In Calculus I, we teach two different techniques for finding the volume of a solid of revolution:

- Disks (or washers), in which the cross-section is perpendicular to the axis of revolution, and
- Cylindrical shells, in which the cross-section is parallel to the axis of revolution.

Both of these could be expressed as either an integral with respect to x or as an integral with respect to y, depending on the axis of revolution. I won’t go into a full treatment of the procedure here; this can be found in places like http://www.cliffsnotes.com/math/calculus/calculus/applications-of-the-definite-integral/volumes-of-solids-of-revolution or http://mathworld.wolfram.com/SolidofRevolution.html or http://en.wikipedia.org/wiki/Disk_integration or http://en.wikipedia.org/wiki/Shell_integration.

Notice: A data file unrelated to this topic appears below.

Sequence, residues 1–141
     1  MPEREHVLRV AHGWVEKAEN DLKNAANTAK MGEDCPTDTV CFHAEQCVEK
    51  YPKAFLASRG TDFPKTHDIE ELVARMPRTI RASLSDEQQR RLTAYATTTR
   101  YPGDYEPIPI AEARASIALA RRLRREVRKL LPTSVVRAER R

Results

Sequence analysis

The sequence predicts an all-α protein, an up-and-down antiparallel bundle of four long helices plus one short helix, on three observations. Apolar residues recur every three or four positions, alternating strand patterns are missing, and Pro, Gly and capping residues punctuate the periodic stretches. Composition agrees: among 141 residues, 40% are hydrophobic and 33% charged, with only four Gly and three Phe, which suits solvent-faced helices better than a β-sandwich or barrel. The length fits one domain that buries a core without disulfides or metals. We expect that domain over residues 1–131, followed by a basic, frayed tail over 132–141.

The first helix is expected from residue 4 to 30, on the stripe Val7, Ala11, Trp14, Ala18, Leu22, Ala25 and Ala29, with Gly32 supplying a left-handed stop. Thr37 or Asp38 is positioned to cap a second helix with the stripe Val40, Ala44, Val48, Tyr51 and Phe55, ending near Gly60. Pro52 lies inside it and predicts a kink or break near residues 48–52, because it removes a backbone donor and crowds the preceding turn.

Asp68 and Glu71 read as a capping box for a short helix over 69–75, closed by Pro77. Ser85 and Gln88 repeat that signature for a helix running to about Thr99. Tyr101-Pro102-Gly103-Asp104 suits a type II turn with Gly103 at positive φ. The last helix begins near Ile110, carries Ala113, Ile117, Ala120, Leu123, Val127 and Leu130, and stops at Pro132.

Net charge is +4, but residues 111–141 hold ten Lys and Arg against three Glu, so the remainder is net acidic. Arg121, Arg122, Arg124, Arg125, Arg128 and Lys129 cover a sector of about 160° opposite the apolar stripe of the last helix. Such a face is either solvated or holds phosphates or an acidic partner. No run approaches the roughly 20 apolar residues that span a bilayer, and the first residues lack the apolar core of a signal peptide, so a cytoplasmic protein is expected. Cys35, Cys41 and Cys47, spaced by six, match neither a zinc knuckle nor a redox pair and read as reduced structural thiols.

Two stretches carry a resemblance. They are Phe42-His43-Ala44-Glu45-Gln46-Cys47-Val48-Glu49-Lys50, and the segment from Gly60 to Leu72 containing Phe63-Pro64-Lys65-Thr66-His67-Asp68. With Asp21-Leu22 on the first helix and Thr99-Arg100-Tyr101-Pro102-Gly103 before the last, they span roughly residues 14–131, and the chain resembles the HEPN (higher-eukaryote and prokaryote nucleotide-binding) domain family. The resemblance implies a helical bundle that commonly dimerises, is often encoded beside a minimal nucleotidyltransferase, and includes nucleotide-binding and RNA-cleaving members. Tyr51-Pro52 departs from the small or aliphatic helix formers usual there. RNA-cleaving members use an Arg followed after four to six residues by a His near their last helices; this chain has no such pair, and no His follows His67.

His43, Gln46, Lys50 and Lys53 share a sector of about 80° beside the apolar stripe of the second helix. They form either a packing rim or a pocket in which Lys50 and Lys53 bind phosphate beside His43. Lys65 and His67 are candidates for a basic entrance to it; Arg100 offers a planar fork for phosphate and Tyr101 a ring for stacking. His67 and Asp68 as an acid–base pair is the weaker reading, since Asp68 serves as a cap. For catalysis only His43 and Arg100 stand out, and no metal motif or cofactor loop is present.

A natural question asked by students is, “If I have the choice, should I use disks or shells?” The correct answer, of course, is “Pick the method that gives you the easier integral to compute.” But that’s not a very satisfying answer for novice students who’ve just been exposed to integral calculus. So, over the years, I developed a standard reply to this query:

That’s an excellent question, and it’s one of the classic conundrums faced by mankind over the years.

Should I choose Coke… or Pepsi?

McDonald’s… or Burger King?

Ginger… or Mary Ann?

Disks… or shells?

The answer is, it just takes a little practice and experience to determine which technique gives you the easier integral.

If you don’t get the cultural reference, here’s a reminder. As of 10 years ago, I could still tell this joke to college students and still get smiles of acknowledgement. But, given the passage of time, I’m not sure if this same joke would fly college students now.